Egg Farmers of Australia (EFA) lodged its submission to Animal Health Australia’s Draft Animal Welfare Standards and Guidelines (Poultry) supporting the standards and guidelines as proposed while also supporting a temporarily regulated cap on current conventional cage farming and releasing its first Animal Welfare Policy Statement.
EFA CEO John Dunn said the decision to support a regulated cap being placed on conventional cages was made in response to community feedback over the past 90 days.
“We understand that there is community interest and concern about cage egg production and accept that it must be acknowledged.” said Mr Dunn.
“We hear public concern but we know we can change minds if we better engage.
“When people see what we do and understand why, attitudes change – we know this from the engagement program we’ve been running which has involved opening our farms to community members to show and explain what we do.
“The vast majority of those who have toured a farm with EFA have expressed confidence in modern cage egg farming.
“But we can’t ignore the elephant in the room – with Animal Health Australia receiving 100,000 emails opposing cage farming, it’s clear these wounds will take time to address and heal. Our support for a regulatory cap shows we’re committed to listening and engaging.
Until we can expand our engagement and give the public confidence in what we do, farmers will accept a temporary restriction on the construction of new conventional cages as part of this process.”
Mr Dunn said the EFA submission also includes a new Animal Welfare Policy Statement which has been developed in response to feedback from the organisation’s community engagement program.
“We believe Option C provides wholesale reform and a net community benefit, however we recognise from the number of responses to this process that many people would not understand why this is so,” said Mr Dunn.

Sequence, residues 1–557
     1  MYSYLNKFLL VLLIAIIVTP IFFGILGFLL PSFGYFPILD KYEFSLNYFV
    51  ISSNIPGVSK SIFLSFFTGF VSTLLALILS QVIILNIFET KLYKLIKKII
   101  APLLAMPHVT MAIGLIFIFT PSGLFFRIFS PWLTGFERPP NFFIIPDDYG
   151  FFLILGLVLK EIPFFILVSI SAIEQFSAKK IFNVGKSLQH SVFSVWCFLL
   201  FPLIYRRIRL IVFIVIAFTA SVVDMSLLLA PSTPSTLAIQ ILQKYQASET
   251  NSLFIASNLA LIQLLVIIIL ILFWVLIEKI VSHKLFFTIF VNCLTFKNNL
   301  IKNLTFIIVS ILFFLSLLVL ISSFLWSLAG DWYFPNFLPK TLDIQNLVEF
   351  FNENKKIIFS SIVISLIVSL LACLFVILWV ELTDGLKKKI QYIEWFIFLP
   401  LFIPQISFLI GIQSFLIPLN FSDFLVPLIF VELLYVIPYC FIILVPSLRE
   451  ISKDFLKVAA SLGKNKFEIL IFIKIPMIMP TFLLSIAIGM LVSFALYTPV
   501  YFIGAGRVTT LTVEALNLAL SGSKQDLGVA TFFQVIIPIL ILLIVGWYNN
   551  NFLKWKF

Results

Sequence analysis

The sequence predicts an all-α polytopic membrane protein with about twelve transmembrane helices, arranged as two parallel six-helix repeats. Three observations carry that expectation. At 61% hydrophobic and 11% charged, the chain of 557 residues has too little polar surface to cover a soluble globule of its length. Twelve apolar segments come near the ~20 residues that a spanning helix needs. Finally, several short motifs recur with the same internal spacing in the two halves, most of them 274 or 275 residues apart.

“Regrettably, egg farmers have been reluctant to open their farms because the level of concern expressed has been so personal.
“Only one side of the story has been presented and people have formed views without having all the information or the important perspective of the farmer.
“Our Animal Welfare Policy Statement articulates what animal welfare means to egg farmers and how they deliver on that commitment in the way they farm.
“It is our hope that this, in conjunction with our community engagement program, will go some way towards helping our industry tell our story about farming.”
The policy addresses EFA’s position on animal welfare in relation to farming practices, animal welfare science, community consultation and education, animal protection legislation, enforcement and compliance, and consumer choice.
Mr Dunn said he hoped these commitments would give the community more confidence in the industry which produces 100 million eggs each week and contributes $1.8 billion to the economy annually.
“We are listening to concerns; we are improving sustainably, and we want to continue giving consumers the choice to buy the egg that’s right for them.
Source: Egg Farmers of Australia